One of the mysteries of the English language finally explained.
A long, leafless flower stalk coming directly from a root.
- ‘The eastern populations possessed smaller and fewer leaves and flowering scapes than the western populations.’
- ‘Rabbits occasionally eat young shoots in the spring, and sometimes bite off flower scapes.’
- ‘In October, the scapes put out flower heads that do not produce seed.’
- ‘Flowers rise above the foliage on a scape, and, as the name implies, last for only a day.’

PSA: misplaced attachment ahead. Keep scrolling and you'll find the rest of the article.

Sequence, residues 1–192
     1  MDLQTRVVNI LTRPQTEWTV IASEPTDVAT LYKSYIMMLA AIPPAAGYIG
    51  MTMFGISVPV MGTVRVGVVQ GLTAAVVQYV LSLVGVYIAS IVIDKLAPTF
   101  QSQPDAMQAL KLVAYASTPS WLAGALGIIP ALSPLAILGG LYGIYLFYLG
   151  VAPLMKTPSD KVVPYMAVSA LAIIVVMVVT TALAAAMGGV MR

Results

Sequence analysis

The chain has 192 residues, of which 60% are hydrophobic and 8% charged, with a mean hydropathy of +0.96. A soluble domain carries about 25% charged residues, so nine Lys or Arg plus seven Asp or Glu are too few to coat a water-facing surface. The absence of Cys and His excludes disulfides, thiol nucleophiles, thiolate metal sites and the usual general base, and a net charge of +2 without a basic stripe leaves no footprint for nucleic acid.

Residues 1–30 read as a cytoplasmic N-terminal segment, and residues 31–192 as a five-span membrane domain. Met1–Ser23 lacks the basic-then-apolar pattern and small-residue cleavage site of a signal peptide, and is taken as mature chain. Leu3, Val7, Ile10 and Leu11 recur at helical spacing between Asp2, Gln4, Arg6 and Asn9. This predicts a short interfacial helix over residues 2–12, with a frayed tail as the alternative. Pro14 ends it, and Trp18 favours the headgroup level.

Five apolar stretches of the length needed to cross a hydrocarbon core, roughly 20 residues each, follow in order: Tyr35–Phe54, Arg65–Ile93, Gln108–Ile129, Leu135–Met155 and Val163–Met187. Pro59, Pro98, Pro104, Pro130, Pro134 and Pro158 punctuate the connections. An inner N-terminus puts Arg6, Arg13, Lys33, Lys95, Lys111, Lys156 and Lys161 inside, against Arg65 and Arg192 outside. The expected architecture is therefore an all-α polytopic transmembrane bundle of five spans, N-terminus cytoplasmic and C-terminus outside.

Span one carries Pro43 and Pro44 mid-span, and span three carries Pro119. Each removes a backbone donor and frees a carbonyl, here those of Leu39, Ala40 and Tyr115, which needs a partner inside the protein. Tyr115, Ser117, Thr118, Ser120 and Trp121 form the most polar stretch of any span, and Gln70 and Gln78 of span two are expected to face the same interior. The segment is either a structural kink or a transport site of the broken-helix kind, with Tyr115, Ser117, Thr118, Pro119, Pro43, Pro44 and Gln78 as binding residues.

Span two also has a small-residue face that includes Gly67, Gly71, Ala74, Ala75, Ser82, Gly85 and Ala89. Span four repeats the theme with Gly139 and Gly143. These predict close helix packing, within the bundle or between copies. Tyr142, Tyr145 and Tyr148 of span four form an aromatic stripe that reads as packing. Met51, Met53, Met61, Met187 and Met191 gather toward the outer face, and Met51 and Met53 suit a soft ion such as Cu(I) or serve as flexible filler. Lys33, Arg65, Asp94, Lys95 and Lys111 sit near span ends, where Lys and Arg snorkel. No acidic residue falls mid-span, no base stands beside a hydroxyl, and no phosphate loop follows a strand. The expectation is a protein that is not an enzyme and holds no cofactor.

- ‘You also can propagate daylilies by removing and planting the proliferation (small plant) that may develop about halfway up a flower scape.’
The basal segment of an insect's antenna, especially when it is enlarged and lengthened (as in a weevil).
- ‘It consists of an end sac, a straight proximal tubule, a short distal tubule, and a raised nephropore, all in the scape of the chelifore.’
- ‘Forelius sp. 1 is apparently an undescribed species, distinguishable from Forelius maccooki by the lack of erect setae on the antennal scapes (S. Cover, personal communication).’
Early 19th century: via Latin from Greek skapos ‘rod’; related to scepter.
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